select count(password) from auth where password ;””;
For those not familiar with Kippo, it’s worth noting that it’s default root password (which I stuck with for this analysis) is ‘123456’, this will definitely have had an impact on the results below; partly because it features more prominently as attackers knowing the password confirm and utilise the the credentials, and bruteforce scanners will (may?) stop their attack once valid credentials are found, so that attempts which would have been made after ‘123456’ are not seen by the Kippo sensor.
The full output from Pipal from this analysis can be found here. Whilst the advice is weaker than ‘best practice’ advice on creating secure passwords, this data set indicates that simply choosing a password with 10 or more characters will avoid more 80% of remote password cracking attempts (local, offline attacks will be a different matter so take with a pinch of salt.
From finally getting my hands dirty with Pipal it’s a great tool, that does exactly what it sets out to do; give the users the numbers, so they can tell the story of the dataset.
Very quick post to highlight a process for clearing all entries from your pass.db file. I had thought that this would take a bit of quick scripting utilising the list and remove modes from the passdb.py utility script. Turns out it’s even easier; simply pass a non-existent file to passdb.pyass.db parameter and it’ll create a fresh database file, no questions asked.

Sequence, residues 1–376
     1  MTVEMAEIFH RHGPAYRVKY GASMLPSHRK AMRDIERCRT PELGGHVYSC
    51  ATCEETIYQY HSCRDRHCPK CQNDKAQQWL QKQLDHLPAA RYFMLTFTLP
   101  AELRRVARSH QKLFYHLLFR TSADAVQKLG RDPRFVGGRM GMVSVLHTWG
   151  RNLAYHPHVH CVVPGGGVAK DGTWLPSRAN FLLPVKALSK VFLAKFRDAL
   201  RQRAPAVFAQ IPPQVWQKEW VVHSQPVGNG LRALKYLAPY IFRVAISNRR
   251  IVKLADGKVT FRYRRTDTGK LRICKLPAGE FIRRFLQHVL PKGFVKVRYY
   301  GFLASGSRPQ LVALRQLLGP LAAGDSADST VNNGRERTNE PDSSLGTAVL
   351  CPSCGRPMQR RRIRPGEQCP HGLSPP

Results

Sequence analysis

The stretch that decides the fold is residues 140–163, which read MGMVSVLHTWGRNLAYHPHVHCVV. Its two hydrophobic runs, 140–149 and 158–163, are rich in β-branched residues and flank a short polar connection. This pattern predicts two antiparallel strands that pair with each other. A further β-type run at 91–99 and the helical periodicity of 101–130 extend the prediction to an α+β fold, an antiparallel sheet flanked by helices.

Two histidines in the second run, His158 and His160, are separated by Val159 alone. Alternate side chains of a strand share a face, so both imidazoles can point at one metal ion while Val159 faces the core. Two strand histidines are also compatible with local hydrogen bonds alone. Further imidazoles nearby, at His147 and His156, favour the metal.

/opt/kippo/utils/passdb.py /opt/kippo/data/idontexistyet.db add testpassword
Will create a new database file with a single entry of ‘testpassword’ (this can be removed once you’ve established everything works). N.B. even with a blank pass.db, kippo will provide access to the password(s) configured in kippo.cfg.
Not sure yet if clearing the database will net any interesting results, only time will tell…..